30th August 2013, 20:07 at 8:07 pmParticipant
People go on about Webbers’ KERS problems. Reading some comments you get the impression his KERS stops working every other race. In fact from 2009 to the present I’ve found a total of five KERS problems on Webbers car, to three for Vettel. KERS problems can range from insignificant to very serious, so its possible that I missed some insignificant instances, but in general Webber does not seem unduly afflicted with this particular problem compared to his teammate.
30th August 2013, 20:31 at 8:31 pm
Thanks for the info.
How does the extra weight and height impact a car’s design?
I’ve watched a video of Sergio Perez sitting in a cut-in-half Sauber and things were tight to say the least in there. Here’s the link:
Checo is 1.73cm tall and weights 64kg whereas Webber is 1.84cm tall and weighs 74kg – that’s about the same difference as Mark and Vettel.
At the end of the race is Webber’s car the same weight as Vettel’s or is it 10kgs heavier with the driver in it?
30th August 2013, 20:57 at 8:57 pmParticipant
No the cars, driver included, will weigh the same. The high minimum weight means that all cars use ballast to get it up to that minimum weight.
So in terms of weight, the only advantage Vettel will have is that because ballast is placed right at the bottom of the car, his car will have a centre of gravity which is a tiny bit lower then Webber’s.
In terms of packaging, I can’t say for sure. Each car is packaged differently, but as you can see from the Sauber video, there isn’t a lot of stuff to move about with.
And making a longer car wouldn’t really be possible due to the homologation of the chassis, as well as it would make it impossible for the engineers to compare data from the cars, making Friday practice extremely difficult.
So I think they just alter his seat angle and the length of the pedals to fit him into the car.
30th August 2013, 22:12 at 10:12 pmParticipant
The only major differences would be pedal and steering wheel positionings, seat positions and maybe repackaging of ballast. Other than that I think both cars in Red Bull’s case will be pretty much exactly the same, so I wouldn’t imagine his extra height and weight would make a massive difference (and as @jonsan has highlighted, it doesn’t appear in terms of reliability records that it’s affected Webber unduly by any means).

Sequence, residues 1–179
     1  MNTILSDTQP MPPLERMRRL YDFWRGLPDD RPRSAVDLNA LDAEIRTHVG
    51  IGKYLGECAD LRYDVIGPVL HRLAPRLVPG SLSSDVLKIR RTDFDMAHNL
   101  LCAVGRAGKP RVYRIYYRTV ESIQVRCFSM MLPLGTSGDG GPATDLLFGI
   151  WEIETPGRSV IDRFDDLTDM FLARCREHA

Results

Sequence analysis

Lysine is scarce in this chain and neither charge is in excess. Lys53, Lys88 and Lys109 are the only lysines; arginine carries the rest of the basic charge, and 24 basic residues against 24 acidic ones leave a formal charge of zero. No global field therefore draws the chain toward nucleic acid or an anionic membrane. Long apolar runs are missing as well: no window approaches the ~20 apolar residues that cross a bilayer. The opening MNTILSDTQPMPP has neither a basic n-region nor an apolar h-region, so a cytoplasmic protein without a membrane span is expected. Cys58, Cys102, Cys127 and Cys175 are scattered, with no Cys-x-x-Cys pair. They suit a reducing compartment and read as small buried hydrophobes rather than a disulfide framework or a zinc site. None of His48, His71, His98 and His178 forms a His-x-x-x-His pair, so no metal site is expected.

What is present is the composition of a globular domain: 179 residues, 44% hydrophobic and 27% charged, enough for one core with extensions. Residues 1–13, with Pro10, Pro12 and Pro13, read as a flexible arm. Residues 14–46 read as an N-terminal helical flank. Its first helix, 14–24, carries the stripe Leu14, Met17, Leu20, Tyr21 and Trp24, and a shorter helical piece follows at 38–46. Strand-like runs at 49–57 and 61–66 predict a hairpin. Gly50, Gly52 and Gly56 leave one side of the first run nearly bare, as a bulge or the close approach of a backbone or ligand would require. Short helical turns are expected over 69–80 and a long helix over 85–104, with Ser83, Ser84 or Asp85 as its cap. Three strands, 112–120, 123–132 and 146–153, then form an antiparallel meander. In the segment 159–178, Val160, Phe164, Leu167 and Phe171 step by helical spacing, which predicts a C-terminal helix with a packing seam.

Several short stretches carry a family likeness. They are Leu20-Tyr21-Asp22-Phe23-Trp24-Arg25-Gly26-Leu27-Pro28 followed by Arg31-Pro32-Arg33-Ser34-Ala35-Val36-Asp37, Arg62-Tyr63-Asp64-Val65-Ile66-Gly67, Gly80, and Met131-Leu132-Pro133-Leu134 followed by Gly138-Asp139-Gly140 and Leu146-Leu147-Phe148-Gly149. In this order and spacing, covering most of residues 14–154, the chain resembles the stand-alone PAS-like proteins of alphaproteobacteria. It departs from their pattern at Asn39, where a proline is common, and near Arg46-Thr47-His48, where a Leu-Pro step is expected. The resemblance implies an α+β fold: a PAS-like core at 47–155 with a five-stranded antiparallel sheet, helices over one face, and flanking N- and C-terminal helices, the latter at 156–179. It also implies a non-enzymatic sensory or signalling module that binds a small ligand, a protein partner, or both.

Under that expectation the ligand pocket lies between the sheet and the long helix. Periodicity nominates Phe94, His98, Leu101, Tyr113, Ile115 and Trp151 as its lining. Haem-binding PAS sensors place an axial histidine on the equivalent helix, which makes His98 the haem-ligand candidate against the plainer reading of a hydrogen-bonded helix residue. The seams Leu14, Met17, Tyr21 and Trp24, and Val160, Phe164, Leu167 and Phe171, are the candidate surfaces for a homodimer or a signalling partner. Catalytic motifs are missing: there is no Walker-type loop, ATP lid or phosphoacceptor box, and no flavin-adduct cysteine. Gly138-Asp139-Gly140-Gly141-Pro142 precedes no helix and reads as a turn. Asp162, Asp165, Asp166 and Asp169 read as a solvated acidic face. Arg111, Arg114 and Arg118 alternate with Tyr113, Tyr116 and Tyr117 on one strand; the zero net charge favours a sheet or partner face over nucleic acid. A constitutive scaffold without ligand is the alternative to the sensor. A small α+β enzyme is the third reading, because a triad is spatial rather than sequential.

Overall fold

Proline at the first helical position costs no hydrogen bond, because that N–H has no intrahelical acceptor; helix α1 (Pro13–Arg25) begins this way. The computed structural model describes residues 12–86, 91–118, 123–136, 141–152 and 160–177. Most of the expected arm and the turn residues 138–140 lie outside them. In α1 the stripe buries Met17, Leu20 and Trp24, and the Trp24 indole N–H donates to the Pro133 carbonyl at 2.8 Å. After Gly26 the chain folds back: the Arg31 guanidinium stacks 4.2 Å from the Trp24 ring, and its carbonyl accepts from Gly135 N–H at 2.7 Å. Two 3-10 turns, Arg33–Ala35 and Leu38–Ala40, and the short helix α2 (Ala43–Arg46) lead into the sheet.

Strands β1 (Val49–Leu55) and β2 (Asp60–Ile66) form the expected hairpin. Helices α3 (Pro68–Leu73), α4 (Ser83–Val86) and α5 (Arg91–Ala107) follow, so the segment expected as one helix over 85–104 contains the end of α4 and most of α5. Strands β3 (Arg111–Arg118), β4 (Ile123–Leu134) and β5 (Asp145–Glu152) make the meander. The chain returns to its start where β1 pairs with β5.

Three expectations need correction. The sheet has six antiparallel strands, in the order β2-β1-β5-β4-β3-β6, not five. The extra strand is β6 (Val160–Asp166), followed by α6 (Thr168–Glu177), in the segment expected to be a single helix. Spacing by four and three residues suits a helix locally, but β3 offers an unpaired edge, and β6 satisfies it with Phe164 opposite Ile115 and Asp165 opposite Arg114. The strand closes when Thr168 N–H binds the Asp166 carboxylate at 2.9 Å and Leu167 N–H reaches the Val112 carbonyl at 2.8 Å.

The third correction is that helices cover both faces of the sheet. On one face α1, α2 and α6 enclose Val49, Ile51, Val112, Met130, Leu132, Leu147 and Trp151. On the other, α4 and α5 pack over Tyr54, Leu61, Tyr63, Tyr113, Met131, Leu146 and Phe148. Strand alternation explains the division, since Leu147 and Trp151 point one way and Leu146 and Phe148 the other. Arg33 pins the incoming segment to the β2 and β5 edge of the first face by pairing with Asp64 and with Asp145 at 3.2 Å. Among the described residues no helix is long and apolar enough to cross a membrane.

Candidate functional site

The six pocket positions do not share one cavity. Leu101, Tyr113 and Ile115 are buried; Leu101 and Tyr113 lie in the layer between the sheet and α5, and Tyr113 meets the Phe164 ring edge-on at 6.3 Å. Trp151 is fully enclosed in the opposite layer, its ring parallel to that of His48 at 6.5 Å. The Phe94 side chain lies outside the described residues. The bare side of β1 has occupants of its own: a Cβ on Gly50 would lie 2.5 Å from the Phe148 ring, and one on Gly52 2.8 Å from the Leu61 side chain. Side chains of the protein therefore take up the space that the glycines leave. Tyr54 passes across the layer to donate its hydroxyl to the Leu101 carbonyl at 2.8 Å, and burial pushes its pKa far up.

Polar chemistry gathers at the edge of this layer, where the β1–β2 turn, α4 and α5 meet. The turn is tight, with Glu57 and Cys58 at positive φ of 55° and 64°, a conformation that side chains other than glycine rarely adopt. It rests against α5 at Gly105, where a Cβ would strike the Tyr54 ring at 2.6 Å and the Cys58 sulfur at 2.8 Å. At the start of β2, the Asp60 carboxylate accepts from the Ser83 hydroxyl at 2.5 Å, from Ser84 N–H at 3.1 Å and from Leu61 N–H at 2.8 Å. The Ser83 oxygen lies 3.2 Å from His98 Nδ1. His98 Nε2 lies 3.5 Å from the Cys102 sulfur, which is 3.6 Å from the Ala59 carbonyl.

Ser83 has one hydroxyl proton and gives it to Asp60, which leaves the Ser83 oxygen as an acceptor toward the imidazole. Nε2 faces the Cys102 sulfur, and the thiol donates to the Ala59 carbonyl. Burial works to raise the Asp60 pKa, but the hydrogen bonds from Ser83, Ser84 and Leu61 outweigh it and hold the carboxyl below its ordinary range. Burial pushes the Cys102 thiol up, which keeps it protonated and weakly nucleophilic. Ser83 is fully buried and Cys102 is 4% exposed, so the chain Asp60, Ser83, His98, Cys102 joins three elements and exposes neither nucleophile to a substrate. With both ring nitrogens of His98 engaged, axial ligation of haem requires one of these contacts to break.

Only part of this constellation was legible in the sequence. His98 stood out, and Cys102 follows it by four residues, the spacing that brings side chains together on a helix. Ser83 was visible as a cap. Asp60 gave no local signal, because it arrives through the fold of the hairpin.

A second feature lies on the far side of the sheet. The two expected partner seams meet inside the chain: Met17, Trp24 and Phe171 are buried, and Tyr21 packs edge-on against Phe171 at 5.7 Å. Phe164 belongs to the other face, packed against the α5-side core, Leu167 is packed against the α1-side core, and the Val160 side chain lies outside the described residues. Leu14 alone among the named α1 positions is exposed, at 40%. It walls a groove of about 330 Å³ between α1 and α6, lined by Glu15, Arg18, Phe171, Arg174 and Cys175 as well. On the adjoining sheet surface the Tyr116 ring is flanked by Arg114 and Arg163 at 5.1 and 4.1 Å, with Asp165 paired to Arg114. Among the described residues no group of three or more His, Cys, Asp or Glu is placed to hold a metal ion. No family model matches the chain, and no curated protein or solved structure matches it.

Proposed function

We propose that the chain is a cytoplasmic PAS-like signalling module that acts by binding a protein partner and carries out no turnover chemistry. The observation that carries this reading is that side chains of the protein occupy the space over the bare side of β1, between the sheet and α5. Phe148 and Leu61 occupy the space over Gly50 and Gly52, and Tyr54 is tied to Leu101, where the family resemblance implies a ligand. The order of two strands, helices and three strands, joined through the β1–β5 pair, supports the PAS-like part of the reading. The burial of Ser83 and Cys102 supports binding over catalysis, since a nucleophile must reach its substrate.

30th August 2013, 22:17 at 10:17 pmParticipant
@freelittlebirds I seem to recall from watching a feature on Sky F1 of Rosberg talking through a start that they have to gradually feed in the clutch (which is why bite points are so important), whilst ensuring that wheelspin is minimised and gear changes are smooth. Then at a lot of tracks you also have to operate KERS.
So there’s really quite a lot to it, and naturally therefore some will be better than others! I don’t think it’s anything more sinister than that.
7th October 2013, 5:20 at 5:20 am
After watching the fiery performances of Webber’s car, I’m finally convinced that Webber’s driving the exact same car as Vettel!
It’s all part of Red Bull’s new “Unleash the fire!” marketing campaign.
In fact, Red Bull announced that they have signed Alicia Keys to change her song to “That car is on fire! That car is on f-i-i-i-r-e!” and Webber will star in the new commercials with flames all over saying “Red Bull – the only thing guaranteed to set you on fire!”
9th October 2013, 8:39 at 8:39 am
Why don’t teams launch updated models nowadays? I think the last was force India in 2008.
I think it was actually the RB5B in 2009.